Alabama storm victims warned to look out for price gouging, home repair fraud

MONTGOMERY, Ala. (WRBL) – The Alabama Attorney General’s Office and Alabama Home Builders Licensure Board are warning consumers to be on the lookout for scams and price gouging during home repair or storm damage cleanup in the wake of Hurricane Sally.

State officials joined Baldwin County District Attorney Robert Wilters and State Representative Matt Simpson in Fairhope, Ala. on Sept. 28 to warn coastal Alabamians about the possibility of fraud as they hire workers to repair storm damage.

As consumers begin the process of home repair, the HBLB recommends using licensed home builders and roofers, as required by law. On Sept, 23, HBLB Executive Director J.R. “Chip” Carden waived some requirements for issuance of a roofer license, allowing emergency roofers licenses to be issued in Baldwin and Mobile counties.

“Based on the Governor’s disaster declaration, the Home Builders Licensure Board has activated its emergency roofer license for Mobile and Baldwin

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Home price growth accelerated in July as buyers competed for listings, Case-Shiller index shows

The numbers: Home-price appreciation maintained a fast pace in July as buyers flooded the market only to find few homes for sale, according to a major price barometer released Tuesday.

The S&P CoreLogic Case-Shiller 20-city price index posted a 3.9% year-over-year gain in July, up from 3.5% the previous month. On a monthly basis, the index increased 0.6% between June and July.

What happened: The separate national index released with the report noted a 4.8% increase in home prices across the U.S. over the past year.

Phoenix once again lead all other markets nationwide with a 9.2% annual price gain in July, followed by Seattle with a 7% increase and Charlotte, N.C., with 6% growth.

“Prices were particularly strong in the Southeast and West regions, and comparatively weak in the Midwest and Northeast,” Craig Lazzara, managing director and global head of index investment strategy at S&P Dow Jones Indices, wrote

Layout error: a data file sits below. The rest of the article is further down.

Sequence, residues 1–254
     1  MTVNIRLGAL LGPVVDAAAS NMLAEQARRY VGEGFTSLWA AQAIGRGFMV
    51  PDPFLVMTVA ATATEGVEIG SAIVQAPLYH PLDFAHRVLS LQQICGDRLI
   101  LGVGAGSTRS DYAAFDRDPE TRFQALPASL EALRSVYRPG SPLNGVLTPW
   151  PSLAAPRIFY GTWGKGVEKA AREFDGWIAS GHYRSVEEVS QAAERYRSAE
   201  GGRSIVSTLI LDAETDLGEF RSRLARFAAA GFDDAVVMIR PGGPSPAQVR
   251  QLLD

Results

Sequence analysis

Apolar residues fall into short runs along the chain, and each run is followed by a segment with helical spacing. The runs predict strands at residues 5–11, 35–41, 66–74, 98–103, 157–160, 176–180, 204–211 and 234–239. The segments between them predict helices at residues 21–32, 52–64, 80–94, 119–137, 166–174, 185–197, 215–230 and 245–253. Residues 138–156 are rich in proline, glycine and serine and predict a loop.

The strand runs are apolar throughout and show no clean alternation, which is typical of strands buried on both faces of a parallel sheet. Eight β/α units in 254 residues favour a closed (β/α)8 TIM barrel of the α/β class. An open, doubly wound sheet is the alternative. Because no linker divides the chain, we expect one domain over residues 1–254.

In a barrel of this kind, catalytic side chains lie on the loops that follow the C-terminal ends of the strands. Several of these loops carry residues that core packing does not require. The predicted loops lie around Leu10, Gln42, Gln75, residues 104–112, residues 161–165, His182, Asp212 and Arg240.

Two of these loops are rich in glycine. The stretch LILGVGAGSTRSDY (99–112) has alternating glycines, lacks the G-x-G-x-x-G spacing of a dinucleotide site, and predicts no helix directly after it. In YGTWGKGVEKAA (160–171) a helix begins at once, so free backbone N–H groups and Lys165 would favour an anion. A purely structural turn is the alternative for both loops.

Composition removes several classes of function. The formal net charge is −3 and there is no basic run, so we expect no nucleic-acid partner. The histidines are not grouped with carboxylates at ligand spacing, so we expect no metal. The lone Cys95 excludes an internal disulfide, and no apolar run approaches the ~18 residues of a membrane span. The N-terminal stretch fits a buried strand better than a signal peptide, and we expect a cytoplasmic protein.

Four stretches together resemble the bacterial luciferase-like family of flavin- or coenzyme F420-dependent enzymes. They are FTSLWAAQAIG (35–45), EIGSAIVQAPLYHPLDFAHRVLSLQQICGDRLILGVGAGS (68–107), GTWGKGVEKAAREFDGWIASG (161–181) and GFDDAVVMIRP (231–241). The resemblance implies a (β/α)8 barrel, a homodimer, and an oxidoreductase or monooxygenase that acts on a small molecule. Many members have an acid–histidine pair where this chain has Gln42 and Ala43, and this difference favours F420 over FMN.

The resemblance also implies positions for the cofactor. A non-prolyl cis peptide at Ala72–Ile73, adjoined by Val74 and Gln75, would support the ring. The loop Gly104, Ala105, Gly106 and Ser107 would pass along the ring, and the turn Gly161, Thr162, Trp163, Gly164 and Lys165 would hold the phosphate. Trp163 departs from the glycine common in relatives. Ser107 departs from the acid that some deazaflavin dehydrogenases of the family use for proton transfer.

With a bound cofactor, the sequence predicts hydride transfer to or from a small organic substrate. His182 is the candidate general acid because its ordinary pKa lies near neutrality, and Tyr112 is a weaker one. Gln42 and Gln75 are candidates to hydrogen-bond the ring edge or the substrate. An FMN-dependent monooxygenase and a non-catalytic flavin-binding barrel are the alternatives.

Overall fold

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Home price growth in the US accelerates

U.S. home price growth accelerated in July as the nation continued to grapple with the coronavirus pandemic. 

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Standard & Poor’s said Tuesday that its S&P CoreLogic Case-Shiller national home price index posted a 4.8% annual gain in July, up from 4.3% in June. The 20-City Composite posted a 3.9% annual gain, up from 3.5% the previous month — beating analysts’ expectations of 3.6%, according to Bloomberg. The results for the first time in five months, now include Wayne County, Mich.

“The National Composite Index gained 4.8% relative to its level a year ago,” said Craig J. Lazzara, managing director and global head of index investment strategy at S&P Dow Jones Indices, in a press statement. “The strength of the housing market was consistent nationally – all 19 cities for which we have July data rose, with 16 of them outpacing their June gains.”

For the 14th straight month,

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Antiques dealer David Duncan chops price of design-district townhouse

David Duncan knows how to light up a room. Now the lighting and antiques guru has cut the price of his townhouse at 247 E. 60th St. to $6.8 million — down from its $8.5 million asking price in July of 2019.

The four-story, 4,808-square-foot townhouse is in the heart of the Upper East Side’s design district, which lines 60th Street between Second and Third avenues.

“This neighborhood has been the design center of New York for decades and this block has long been home to antiques dealers,” he told the New York Times in 2014.

David Duncan
David DuncanPatrick McMullan/PMC/PMC

The Minnesota native told the Times he was very “pragmatic” and sold his Park Avenue apartment and Connecticut weekend home to afford the 60th Street townhouse, which he bought for $3.56 million in 2004 and then renovated to accommodate his showroom and own home.

At the time, he reasoned, the

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Oregon State’s Reser Stadium remodeling project now carries a $140 million price tag, down from $175 million

The cost to remodel the aging west side of Oregon State’s Reser Stadium has fallen substantially during the past year.

Oregon State athletic director Scott Barnes said earlier this week that the price tag to remodel Reser Stadium is now $140 million. That’s down 20 percent from a projected cost of $175 million at the outset of the project.

Barnes said the project cost is a moving target, and the initial cost of $175 million was conservative estimate. But in the university’s request for proposal document released Oct. 15, 2019, it states the project cost as approximately $175 million, with a direct construction budget of approximately $122 million.

What changed?

Some of it is fine-tuning the project, Barnes said. A more accurate design and better knowing the scope and scale led to a more informed number for remodeling Reser.

The pandemic, oddly, has helped too. It led to market conditions

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